But if you are planning to adventure for more than a few days, don’t rely solely on your smartphone Google Maps, as the battery will die soon.
You also need to bring a security kit to secure your bike when you need to rest during daylight hours and keep the bags safe at the camp site.
If there is nowhere to lock up your bike at your camp spot, you can use a string on the front wheel that will drop the chain off when someone tries to steal your bike. Put your bags into the tent porch at night or attach them to your bivvy bag with a string.
Other accessories that I usually include in my gear include a compact camera for taking photos and binoculars for watching wildlife and beautiful landscapes. A head torch also comes in handy when setting up a camp when it’s already dark.
Q: What is the Difference Between Bikepacking and Bicycle Touring?
A: Bikepacking is the type of cycling adventure where you pack your essential gear on specific bikepacking bags and attach them to a particular part of your bicycle. It’s simply a combination of mountain biking and minimalist camping.
On the other hand, bicycle touring is a broad category encompassing all forms of loading a bike with your camping or travel gear and cycling in different kinds of terrains.
Bikepacking focuses more on rough terrains or unpaved surfaces, which is why the bags’ shapes are optimized to address the specific challenges encountered.
A typical bikepacking setup includes a handlebar bag, seat post bag, and frame bag. If your essentials don’t fit in the three bags, you can use extra packs like a stem bag, top tube bag, and cargo bag.
For bicycle touring, you can use any dry bag and panniers to carry your gear. You can also mount a luggage rack where you attach your bags for a stable ride.
Bikepacking typically involves packing as lightweight as possible as the bags are usually small with minimal carrying capacity.
However, you have more room to pack your gear for bicycle touring, allowing you to carry everything you need for a successful touring experience.
While the bikepacking setup is usually smooth and quiet as you ride, bicycle touring racks and panniers can rattle and be quite noisy as you ride on rough roads.
To be honest, I find a bikepacking set up to be a little more relaxed and stable when mountain biking than huge touring bags and panniers mounted on racks.
But I prefer the latter when I want to haul more gear, especially during the winter when I need more layers to stay warm while out there.
Both cycling adventures can be paired with other activities like mountain biking and pack rafting to connect with nature and enjoy more.
Bikepacking is the best way to explore extreme locales and spend more time on the bike as it’s light and can handle most terrains.
Nonetheless, it may cut your comfort and make you spend more money on the route since the bikepacking bags can’t carry as many things as panniers and racks.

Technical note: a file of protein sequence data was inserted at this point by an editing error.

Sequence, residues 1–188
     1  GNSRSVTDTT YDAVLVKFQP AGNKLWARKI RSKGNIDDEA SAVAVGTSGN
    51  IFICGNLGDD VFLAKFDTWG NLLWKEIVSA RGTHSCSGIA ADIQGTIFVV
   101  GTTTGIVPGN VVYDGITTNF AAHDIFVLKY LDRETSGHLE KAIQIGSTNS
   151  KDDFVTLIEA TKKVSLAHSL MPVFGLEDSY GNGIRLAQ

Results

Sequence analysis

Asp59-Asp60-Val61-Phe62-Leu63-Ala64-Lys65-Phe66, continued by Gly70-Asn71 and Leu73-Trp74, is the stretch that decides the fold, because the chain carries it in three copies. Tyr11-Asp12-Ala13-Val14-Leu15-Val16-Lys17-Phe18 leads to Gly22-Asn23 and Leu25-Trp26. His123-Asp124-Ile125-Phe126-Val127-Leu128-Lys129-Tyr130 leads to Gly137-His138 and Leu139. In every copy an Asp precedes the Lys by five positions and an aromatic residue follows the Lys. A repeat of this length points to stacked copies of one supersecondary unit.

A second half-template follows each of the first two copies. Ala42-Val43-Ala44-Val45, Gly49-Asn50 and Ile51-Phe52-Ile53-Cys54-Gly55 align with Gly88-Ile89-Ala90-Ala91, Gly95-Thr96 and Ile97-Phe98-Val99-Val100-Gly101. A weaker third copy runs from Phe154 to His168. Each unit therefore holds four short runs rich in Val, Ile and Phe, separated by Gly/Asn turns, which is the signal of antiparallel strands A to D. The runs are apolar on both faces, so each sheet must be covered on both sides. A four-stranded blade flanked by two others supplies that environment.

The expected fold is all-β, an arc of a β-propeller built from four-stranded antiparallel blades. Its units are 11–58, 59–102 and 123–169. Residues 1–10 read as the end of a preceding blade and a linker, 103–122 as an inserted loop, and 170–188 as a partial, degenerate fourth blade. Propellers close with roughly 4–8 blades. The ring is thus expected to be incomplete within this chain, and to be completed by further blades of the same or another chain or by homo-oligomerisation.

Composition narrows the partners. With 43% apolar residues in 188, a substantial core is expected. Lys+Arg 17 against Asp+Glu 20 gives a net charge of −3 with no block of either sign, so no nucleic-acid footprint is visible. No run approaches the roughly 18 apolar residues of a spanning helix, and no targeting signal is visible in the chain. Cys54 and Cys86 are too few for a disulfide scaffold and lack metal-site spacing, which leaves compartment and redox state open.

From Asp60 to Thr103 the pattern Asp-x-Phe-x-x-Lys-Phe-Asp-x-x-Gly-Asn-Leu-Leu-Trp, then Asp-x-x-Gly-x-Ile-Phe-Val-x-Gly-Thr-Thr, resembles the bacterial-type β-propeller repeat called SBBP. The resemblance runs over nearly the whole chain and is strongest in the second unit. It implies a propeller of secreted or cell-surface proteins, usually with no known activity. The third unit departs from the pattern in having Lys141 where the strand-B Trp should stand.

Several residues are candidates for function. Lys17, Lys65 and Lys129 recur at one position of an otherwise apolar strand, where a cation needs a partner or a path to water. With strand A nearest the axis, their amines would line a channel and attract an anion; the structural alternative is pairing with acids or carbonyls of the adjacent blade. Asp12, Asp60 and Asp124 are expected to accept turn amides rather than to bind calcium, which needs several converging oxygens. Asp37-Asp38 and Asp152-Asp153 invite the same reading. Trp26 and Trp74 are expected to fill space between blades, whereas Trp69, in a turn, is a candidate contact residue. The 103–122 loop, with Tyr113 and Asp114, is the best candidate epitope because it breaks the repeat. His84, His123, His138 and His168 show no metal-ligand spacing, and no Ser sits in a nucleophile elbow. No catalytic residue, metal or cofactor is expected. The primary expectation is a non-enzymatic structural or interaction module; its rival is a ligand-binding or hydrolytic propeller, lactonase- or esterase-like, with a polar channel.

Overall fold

It’s also quite trickier to pack for bikepacking than cycle touring, as coming up with a good organization is vital.
Now, you might wonder which is better for a long-distance tour. Bikepacking bags or racks and panniers?
In my opinion, there is no clear-cut answer to this question, and I cannot advise you to ditch panniers and switch to bikepacking bags just because it works perfectly for me.
I’d say that this really goes down to your preferences and priorities. If lightweight and the ability to ride on all terrains, including single-track trails, are a greater concern, then stick to bikepacking bags.
But if you want to be comfortable while out there and love riding on paved roads, then racks and panniers are your perfect option. You’ll be able to carry everything you need to stay comfortable, from a tent to a sleeping pad and extra snacks.
Q: How Do You Camp Undetected?
- Camp late and leave early in the morning.
- Use a dark-colored tent, tarp, or hammock, like green, brown, or camouflaged, to blend into the environment.
- Do what your inner feelings tell you, and camp on wild camping spots that feel safe.
- Leave no trace of your presence by cleaning any mess and packing all your litter.
- Don’t start a campfire unless you have to.
- Avoid using a torch with bright light.
- Don’t camp on private land without permission, and be respectful to landowners.
- Be aware of any irrigation systems or sprinklers in the area you want to camp.
- Look out for surveillance cameras in a national park or on the road.
- Be flexible in case the authorities move on you.
- Avoid camping in places where people are likely to pass early in the morning, like running trails.
- Keep some distance from the water when camping near lakes, ponds, beaches, or rivers.
- Keep your gear organized to take the least time possible when setting up the camp and packing.
- Cover any flashy material on your tent, bike, or bags that flashlights can easily detect.
- Minimize noise. If you are wild camping as a group, be quiet and avoid loud laughs.
- Avoid areas with animal tracks.
- Finally, use common sense and remember to have fun while out there!
Q: Can I Camp in the US on a Bicycle Tour?
A: Absolutely, you can camp in the US on a bicycle tour on free or paid campgrounds. After a long day of mountain biking or exploring the coast, you need a safe place to rest and spend your night peacefully.